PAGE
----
The newly obtained Antarctic microchlorophyte sequences were combined with the closest NCBI BLAST hits, along with previously published sequences from Arctic and Antarctic regions and a broad diversity of sequences, representing the main classes and orders of Chlorophyta. Five representatives of Streptophyta were selected as outgroup. Taxa, locality details and GenBank numbers are listed in table S1 in the electronic supplementary material. While taxon sampling for the construction of the phylogenetic tree may influence our results, this is mainly constrained by the availability of sequences on GenBank. Arctic and alpine microchlorophytes sequences remain relatively under-represented in the public databases and, to our knowledge, no comparable studies have been carried out in these regions. The Antarctic sequences II22, II11 and V13 contained two putative group I introns: S516 and S943 (numbers reflect the homologous position in Escherichia coli 16S rRNA gene; Haugen et al. 2005). After introns had been removed, the sequences were aligned using Muscle 3.6 with standard parameters (Edgar 2004) and visually inspected. A FASTA-file of the alignment can be requested from the authors.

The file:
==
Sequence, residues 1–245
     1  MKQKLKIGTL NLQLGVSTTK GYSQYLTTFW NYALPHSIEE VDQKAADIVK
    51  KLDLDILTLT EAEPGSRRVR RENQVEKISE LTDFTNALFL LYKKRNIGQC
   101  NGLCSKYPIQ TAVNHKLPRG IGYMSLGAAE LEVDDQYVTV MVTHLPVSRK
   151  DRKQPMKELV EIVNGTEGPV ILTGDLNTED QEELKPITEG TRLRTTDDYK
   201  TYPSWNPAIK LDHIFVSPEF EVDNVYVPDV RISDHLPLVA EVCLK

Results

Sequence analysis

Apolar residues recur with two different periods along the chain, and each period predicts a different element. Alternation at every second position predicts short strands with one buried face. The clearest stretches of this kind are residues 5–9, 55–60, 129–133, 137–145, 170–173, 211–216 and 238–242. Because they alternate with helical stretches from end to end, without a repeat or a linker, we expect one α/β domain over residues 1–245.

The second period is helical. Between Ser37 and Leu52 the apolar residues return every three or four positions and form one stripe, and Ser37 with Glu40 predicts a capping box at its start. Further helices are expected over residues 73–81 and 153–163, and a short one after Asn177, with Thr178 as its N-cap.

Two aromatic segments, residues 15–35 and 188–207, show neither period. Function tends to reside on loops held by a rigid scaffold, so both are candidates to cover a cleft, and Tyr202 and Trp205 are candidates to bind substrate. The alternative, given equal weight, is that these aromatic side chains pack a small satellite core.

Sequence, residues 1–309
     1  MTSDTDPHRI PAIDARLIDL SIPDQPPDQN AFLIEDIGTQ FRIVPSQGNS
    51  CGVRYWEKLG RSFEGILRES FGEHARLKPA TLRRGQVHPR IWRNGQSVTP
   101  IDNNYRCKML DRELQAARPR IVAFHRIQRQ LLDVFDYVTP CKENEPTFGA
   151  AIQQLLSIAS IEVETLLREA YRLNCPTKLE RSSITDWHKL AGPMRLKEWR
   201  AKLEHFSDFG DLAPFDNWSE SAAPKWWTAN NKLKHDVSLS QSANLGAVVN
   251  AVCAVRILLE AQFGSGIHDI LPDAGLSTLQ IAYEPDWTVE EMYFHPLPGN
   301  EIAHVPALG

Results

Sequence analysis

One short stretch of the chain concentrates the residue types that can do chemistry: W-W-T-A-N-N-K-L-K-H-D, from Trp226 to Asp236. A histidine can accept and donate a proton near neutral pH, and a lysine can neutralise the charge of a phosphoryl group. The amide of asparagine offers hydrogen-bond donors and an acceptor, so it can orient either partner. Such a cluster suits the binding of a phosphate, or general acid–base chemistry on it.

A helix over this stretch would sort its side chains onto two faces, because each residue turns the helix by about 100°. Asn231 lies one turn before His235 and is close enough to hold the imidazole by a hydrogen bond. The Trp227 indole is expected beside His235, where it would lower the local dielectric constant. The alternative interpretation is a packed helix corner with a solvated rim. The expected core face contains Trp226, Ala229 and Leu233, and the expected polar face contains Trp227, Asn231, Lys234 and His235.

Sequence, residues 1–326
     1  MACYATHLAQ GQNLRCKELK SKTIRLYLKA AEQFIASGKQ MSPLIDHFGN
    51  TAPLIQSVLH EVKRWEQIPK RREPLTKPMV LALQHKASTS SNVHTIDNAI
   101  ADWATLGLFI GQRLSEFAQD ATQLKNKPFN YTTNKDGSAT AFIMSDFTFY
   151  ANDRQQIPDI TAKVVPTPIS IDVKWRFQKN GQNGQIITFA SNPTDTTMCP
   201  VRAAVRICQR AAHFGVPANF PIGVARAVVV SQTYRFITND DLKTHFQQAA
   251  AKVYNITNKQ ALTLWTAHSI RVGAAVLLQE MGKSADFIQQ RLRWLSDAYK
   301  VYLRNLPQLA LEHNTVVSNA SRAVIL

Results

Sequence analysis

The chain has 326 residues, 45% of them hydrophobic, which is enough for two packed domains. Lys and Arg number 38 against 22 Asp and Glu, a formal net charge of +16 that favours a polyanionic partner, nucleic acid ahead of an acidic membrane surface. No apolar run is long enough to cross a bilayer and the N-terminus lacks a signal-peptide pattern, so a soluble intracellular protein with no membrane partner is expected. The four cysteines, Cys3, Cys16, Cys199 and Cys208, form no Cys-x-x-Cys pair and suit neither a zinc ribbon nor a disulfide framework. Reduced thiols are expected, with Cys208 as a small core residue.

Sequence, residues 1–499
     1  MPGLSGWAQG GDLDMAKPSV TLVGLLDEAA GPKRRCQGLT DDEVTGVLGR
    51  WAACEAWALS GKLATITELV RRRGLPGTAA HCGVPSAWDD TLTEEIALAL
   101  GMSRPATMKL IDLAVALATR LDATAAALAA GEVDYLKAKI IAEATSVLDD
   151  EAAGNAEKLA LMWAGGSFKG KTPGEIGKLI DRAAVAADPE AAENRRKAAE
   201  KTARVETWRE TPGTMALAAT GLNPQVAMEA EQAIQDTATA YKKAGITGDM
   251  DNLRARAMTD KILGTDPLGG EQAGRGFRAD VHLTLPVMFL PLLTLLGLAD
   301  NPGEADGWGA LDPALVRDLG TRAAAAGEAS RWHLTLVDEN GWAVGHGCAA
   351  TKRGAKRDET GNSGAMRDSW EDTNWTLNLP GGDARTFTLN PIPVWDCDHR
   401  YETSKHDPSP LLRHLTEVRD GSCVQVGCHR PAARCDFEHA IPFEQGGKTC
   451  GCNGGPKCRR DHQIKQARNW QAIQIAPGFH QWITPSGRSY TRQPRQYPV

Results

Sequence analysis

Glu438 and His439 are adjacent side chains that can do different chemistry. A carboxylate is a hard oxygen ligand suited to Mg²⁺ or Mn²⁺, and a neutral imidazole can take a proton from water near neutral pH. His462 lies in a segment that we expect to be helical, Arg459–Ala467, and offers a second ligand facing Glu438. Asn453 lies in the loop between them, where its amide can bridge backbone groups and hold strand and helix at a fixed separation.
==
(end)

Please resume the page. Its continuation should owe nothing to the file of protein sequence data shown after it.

Phylogenetic analyses consisted of maximum likelihood (ML) and Bayesian inference (BI) tree searches under a general time-reversible model with a proportion of invariable sites and gamma distribution split into four categories (GTR + I + Γ), as determined by the Akaike Information Criterion in PAUP/Modeltest 3.6 (Posada & Crandall 1998; Swofford 1999). ML analysis was carried out with PhyML 2.4.4 (Guindon & Gascuel 2003). The reliability of each internal branch was evaluated based on 1000 bootstrap replicates. For BI, two independent runs, each consisting of four incrementally heated, Metropolis-coupled chains, were run for seven million generations using MrBayes 3.1.2 (Ronquist & Huelsenbeck 2003). Parameter values and trees were sampled every thousand generations. Convergence and stationarity of the runs was assessed using Tracer 1.4 (Rambaut & Drummond 2007), and a burn-in sample of 1000 trees was removed before constructing the majority rule consensus tree.